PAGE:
Lay evangelist aims to ‘set world on fire’ with message of God’s love

Lay Catholic evangelist Richard Lane is seen in this undated photo. He estimates that he travels nine months out of the year to preach, speak and lead retreats in various dioceses. (CNS photo/courtesy Richard Lane Ministries)

Lay Catholic evangelist Richard Lane is seen in this undated photo. He estimates that he travels nine months out of the year to preach, speak and lead retreats in various dioceses. (CNS photo/courtesy Richard Lane Ministries)

by Denis Grasska

SAN DIEGO (CNS) — Richard Lane has certainly come a long way since his youth, when he had to be taken “kicking and screaming” to Lutheran Sunday services.

Now at age 50, he is an internationally known, full-time Catholic lay evangelist who has appeared on such Catholic media outlets as the Eternal Word Television Network, Relevant Radio and

The child once bored by church has grown into a man on fire for the faith.

“It’s just like Ezekiel said, the word of God is like a fire shut up in my bones,” Lane said, “and I cannot help but go out and want to set the world on fire and give the same love that God has given to me.”

It was in 1984, while serving in the U.S. Army, that Lane first encountered Catholicism. He felt that the military’s Protestant religious service wasn’t a good fit for him, but Mass had several elements that felt familiar thanks to his Lutheran upbringing.

Though Lane began attending Mass every Sunday and became actively involved in ministries at the parishes at which he worshipped, it was not until April 2003 that he received the sacraments of initiation and entered into full communion with the Catholic Church.

“No one ever told me that there was a process of becoming Catholic,” he told The Southern Cross, the San Diego’s diocesan newspaper. “I just continued to go to church every Sunday because I knew it was very important.”

But at St. Alphonsus Liguori “Rock” Church in St. Louis, he was informed for the first time that he would need to complete the Rite of Christian Initiation of Adults process.

About two years after becoming Catholic, he was invited to take part in a parish ministry that involved passing out Bibles on the street.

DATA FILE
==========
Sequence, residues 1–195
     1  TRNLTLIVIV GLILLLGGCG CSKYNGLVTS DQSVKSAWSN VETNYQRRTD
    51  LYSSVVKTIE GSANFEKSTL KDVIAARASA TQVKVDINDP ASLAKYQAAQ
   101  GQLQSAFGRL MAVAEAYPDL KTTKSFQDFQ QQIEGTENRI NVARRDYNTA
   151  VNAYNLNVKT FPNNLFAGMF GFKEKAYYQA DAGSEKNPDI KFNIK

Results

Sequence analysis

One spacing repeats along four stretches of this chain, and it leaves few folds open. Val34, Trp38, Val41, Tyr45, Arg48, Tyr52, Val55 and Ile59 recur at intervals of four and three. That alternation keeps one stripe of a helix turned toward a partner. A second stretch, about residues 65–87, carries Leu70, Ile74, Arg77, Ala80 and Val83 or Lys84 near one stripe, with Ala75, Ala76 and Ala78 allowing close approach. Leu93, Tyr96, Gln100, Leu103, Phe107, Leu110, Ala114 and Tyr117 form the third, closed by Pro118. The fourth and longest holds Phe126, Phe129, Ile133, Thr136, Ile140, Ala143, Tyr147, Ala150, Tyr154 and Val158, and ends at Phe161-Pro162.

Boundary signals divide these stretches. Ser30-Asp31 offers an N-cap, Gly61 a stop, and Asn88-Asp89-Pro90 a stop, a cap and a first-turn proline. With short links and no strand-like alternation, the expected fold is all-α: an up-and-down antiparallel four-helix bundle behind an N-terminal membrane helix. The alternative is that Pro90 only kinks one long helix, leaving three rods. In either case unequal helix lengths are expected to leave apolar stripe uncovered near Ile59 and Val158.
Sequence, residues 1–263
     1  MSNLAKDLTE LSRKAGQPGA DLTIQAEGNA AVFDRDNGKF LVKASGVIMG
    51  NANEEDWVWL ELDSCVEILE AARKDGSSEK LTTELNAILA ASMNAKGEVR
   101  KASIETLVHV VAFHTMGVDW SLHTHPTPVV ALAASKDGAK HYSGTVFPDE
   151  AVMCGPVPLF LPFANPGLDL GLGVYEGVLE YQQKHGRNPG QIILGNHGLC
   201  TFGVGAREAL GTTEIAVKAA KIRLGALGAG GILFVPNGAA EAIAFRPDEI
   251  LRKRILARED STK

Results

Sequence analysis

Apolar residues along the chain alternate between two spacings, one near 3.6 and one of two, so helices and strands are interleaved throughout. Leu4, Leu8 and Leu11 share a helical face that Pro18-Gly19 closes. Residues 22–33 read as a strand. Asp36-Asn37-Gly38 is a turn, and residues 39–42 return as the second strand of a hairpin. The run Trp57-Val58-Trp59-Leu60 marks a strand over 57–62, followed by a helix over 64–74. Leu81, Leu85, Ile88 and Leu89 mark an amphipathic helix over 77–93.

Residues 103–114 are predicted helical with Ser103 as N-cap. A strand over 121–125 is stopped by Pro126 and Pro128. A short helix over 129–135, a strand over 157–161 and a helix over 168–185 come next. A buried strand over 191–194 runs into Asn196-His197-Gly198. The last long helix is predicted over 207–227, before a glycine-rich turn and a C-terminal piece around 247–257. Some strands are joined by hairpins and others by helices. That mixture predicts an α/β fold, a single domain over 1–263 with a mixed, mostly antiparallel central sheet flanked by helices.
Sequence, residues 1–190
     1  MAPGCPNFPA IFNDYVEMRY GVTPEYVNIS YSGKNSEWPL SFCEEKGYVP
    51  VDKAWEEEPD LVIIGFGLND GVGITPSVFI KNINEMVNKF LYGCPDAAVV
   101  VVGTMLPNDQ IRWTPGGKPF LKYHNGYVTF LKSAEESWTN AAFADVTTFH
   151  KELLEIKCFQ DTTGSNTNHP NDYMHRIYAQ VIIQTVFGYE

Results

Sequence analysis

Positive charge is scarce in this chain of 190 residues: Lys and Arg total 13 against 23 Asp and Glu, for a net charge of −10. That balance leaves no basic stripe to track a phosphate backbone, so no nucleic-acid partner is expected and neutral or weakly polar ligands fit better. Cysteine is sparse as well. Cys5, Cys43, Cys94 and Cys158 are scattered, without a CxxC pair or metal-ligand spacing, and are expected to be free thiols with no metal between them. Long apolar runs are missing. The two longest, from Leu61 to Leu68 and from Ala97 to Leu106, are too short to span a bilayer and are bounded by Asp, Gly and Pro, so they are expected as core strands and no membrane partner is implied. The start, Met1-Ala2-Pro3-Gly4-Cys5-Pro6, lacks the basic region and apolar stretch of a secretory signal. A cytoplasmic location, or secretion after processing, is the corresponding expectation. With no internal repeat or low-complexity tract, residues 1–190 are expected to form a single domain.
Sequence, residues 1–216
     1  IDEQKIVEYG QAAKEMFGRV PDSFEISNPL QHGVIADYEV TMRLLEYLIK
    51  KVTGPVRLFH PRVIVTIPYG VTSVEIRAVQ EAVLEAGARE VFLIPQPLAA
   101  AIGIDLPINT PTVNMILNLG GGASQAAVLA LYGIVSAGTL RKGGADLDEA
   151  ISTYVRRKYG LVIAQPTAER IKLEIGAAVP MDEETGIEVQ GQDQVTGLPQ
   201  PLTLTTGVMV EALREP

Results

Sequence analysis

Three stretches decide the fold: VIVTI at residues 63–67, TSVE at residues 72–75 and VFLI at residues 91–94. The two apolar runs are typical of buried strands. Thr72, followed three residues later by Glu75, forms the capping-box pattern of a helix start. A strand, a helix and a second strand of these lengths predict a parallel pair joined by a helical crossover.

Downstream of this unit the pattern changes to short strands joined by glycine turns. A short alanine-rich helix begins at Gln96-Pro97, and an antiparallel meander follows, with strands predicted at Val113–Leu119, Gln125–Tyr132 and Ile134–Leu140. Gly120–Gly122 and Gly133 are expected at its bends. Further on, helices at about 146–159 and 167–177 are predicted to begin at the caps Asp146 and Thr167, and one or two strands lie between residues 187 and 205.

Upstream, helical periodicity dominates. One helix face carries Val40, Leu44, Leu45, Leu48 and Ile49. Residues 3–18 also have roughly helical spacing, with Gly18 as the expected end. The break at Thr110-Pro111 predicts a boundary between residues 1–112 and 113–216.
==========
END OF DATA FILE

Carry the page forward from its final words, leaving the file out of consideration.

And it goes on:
“These are the street corners of St. Louis, Missouri, very hard street corners,” he recalled. “People had been killed on the same spot where I was preaching the night before, and I went out on those street corners and passed out Bibles to dope-dealers, gangsters, pimps, prostitutes — those that would be willing to receive the light, those that would be willing to receive the Word.”

By his second week on the street corners, Lane felt called to preach. Uncertain about what to say, he was encouraged to simply allow the Spirit to guide him. After praying the Our Father and the Hail Mary, he began sharing “how good the Lord has been in my life.”

From that moment on, Lane spent his Saturday nights “ministering to the least, lost and most abandoned” of St. Louis. He would pray for God’s protection and ask God to bless his words and speak through him. Then, he would “just let it fly.”

Word of his preaching began to spread, and soon he was being invited to deliver witness talks in local Protestant churches. He also received the encouragement and support of his archbishop, then-St. Louis Archbishop Raymond L. Burke, who was later made a cardinal.

Lane said he saw “the face of Christ” in the poor to whom he ministered, and Christ ministered to him through them.

In 2005, Lane and his wife, Donna, founded what it now known as Richard Lane Ministries. As an evangelist, his work is no longer limited to the street corners of St. Louis. He estimates that he travels nine months out of the year to preach parish missions, speak at men’s conferences, lead retreats and consult with dioceses interested in improving their evangelization efforts.

He is also co-founder of the annual Catholic Men for Christ Conference, which draws more than 10,000 men annually and is now in its eighth year.

Though he no longer preaches on the streets of St. Louis, Lane still has the opportunity to engage in that ministry from time to time. For example, during a recent visit to San Diego to deliver a parish mission, he led a group of local young adults who prepared meals, distributed them to the homeless and accompanied him as he preached the Gospel to those living on the streets.

Lane said he specializes in “applied theology,” or “how to apply the word of God to your daily lives.” With his parish missions, which are currently centered on the Year of Mercy, his hope is “that [attendees] are inspired, that they are encouraged, that their lives have been changed in a certain way.”

He recalled receiving a phone call last Holy Saturday from a man who identified himself as one who had “cursed … out” Lane two years earlier and whom Lane had challenged to really study the faith. The man revealed that he had accepted Lane’s challenge and was then about 45 minutes away from becoming Catholic at the Easter Vigil.

At a parish talk last November in Beaumont, Texas, Lane was approached by a 15-year-old girl who told him that she had felt so unloved that she had contemplated suicide. But, after receiving a hug from Lane at one of his previous parish visits, she had changed her mind about taking her own life.

“It’s up to us — those of us who have been empowered by the Holy Spirit, who have received the light — it’s up to us to go out and to share that light with everyone in the world,” Lane told The Southern Cross. “That’s the way that God is going to continue to reconcile this world to himself: through our witness.”

Copyright ©2016 Catholic News Service / U.S. Conference of Catholic Bishops.

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